Moose Hide campaign stands up to violence

TRU gathered in solidarity against violence in Aboriginal communities

TRU Aboriginal Education along with the TRU Aboriginal Mentor Program celebrated the 7th annual Moose Hide Campaign on Feb. 15 in the Campus Activity Centre.

The event was held in conjunction with the Moose Hide Campaign Development Society, to stand up against the violence to indigenous women and children.

First Nations members and TRU students gathered in solidarity for the day long event, to share their personal experiences and to help raise awareness of the growing epidemic of violence in Aboriginal communities.

David Archie, Traditional Wellness Coordinator at the Secwepemc Health Caucus, shared some of his personal struggles and what the Moose Hide Campaign meant to him.

“We want safety for all of us, and it starts with us showing up,” Archie said. “The Moosehide Campaign is important because we have so many youth who don’t feel valued and we need to repair those circles together.”

Paul Michel, TRU Executive Director of Aboriginal Affairs, was also present.

“This day is for the men to revitalize their traditional roles,” Michel said. “The women are always the ones leading, I want to challenge the men to step up because we’re also healers.”

Addressing the increased tensions in society Michel also added, “We know that there is a rise of hatred and racism in Canada. Today is about harmony, spirituality; the foundation of respect.”

A Smudging Circle was also held outside the Campus Activity Center. Archie, who led the ceremony, explained that the circle was a place to offer a prayer, and the opportunity to get rid of negativity.

He also said smudging circle prayers offer wellness on a day-to-day basis, that benefit the mental, physical and emotional state.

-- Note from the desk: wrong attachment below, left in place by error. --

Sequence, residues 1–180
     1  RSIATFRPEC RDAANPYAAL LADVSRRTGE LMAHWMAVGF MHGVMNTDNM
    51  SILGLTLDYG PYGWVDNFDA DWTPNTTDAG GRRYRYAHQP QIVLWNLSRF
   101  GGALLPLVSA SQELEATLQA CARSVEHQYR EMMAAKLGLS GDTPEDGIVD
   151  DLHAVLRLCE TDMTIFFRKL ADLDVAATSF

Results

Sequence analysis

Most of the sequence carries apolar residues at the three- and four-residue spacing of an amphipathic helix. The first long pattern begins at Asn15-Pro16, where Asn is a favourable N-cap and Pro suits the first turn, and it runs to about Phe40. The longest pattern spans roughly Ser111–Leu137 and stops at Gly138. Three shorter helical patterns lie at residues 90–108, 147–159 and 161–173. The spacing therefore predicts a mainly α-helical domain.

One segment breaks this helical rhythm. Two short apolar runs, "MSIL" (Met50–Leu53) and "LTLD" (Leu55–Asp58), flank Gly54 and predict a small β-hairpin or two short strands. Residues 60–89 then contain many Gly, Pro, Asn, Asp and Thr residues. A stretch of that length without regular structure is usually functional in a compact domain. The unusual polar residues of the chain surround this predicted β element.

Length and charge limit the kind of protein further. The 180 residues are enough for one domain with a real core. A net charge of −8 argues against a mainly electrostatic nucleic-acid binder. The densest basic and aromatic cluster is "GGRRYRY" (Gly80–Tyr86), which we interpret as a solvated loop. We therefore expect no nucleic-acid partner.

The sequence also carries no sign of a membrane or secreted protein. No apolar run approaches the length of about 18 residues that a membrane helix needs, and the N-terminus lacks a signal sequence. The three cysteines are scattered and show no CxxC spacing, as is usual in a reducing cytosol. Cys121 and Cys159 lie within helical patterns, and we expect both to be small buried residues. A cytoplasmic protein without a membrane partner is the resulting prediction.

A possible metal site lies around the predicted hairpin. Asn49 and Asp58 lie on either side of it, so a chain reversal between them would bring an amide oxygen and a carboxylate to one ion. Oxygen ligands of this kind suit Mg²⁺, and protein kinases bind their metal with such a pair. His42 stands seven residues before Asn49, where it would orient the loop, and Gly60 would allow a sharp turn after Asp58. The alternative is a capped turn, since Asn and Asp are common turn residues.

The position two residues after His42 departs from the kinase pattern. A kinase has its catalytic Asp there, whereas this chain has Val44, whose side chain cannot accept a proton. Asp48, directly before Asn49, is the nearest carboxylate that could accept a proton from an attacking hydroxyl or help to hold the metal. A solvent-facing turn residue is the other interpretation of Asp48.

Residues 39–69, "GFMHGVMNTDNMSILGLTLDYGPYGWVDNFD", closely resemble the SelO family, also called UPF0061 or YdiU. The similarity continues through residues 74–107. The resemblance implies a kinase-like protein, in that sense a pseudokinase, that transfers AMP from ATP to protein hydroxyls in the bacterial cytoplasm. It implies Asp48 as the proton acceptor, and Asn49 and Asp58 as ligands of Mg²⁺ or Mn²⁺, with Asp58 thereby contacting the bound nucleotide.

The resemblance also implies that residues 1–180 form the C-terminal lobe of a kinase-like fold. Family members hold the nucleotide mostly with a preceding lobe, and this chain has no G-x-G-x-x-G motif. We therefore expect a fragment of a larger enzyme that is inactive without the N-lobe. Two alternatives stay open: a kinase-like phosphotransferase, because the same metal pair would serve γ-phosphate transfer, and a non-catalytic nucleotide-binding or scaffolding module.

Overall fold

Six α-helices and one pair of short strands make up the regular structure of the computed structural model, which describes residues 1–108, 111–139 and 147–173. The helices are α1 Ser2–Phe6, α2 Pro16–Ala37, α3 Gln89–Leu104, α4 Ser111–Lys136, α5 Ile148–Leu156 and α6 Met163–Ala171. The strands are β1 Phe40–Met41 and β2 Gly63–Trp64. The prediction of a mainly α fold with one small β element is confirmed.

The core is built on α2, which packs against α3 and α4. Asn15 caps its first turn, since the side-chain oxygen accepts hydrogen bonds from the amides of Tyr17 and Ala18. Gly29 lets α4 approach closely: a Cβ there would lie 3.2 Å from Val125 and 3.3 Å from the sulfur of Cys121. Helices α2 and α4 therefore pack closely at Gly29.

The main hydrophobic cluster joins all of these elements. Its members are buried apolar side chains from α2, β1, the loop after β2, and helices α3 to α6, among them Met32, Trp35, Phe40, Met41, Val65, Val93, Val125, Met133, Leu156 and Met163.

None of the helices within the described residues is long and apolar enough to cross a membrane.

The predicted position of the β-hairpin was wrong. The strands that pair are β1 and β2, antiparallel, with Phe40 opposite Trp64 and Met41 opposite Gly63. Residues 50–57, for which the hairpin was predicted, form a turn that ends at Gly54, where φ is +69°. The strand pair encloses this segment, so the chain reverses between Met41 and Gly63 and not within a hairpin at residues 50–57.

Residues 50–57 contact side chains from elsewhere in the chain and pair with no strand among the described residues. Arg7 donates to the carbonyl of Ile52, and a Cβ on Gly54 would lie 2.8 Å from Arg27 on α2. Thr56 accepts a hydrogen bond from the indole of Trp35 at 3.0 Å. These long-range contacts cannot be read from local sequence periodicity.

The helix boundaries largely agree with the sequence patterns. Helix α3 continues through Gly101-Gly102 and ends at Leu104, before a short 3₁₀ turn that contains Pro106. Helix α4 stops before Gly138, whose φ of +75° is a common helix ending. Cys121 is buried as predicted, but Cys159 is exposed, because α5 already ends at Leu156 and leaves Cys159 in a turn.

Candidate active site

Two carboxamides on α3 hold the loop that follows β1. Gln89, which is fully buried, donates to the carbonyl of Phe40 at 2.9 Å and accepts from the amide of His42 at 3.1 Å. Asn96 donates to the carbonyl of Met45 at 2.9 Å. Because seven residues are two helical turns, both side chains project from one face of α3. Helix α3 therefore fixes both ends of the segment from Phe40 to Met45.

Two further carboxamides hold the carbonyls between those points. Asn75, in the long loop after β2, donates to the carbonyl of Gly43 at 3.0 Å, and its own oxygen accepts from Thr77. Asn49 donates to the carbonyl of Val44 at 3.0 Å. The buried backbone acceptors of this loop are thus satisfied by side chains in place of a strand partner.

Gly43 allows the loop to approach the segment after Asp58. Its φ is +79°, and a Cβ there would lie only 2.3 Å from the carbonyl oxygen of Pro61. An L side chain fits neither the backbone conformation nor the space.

An eagle fan was used to spread smoke made from burning sage and cedar in a small shell. While traditional songs were sung along to the beat of a drum, smoke was fanned on praying students.

This was followed by a large sharing circle held back in the activity center.

Vernie Clement, TRU Aboriginal Mentor & Community Coordinator, explained that the circles were meant for sharing and healing and to give one the opportunity to speak about what was on their heart.

The sharing circle featured stories from elders who gave accounts of their experiences growing up in reservation schools, as well as stories from men and women who suffered injustice at the hands of the judicial system.

One participant admitted that he wanted to try and be a better person for his family, while another said he was grateful to the Moosehide Campaign for giving him a chance to support women and children.

Jordan Smith, a professor at TRU, said she was proud of her students for supporting the cause and emphasized the importance for young people to find their voices.

TRU’s Moose Hide Campaign offered a platform to many First Nations who were first-hand victims, or who had family members and friends who had been marginalized, oppressed or abused.

“Thinking a lot about when I first heard about the Moose Hide Campaign, coming from the reserve system, knowing what cultural genocide looked like, I knew that that’s not how I wanted my life to continue on,” Clement said.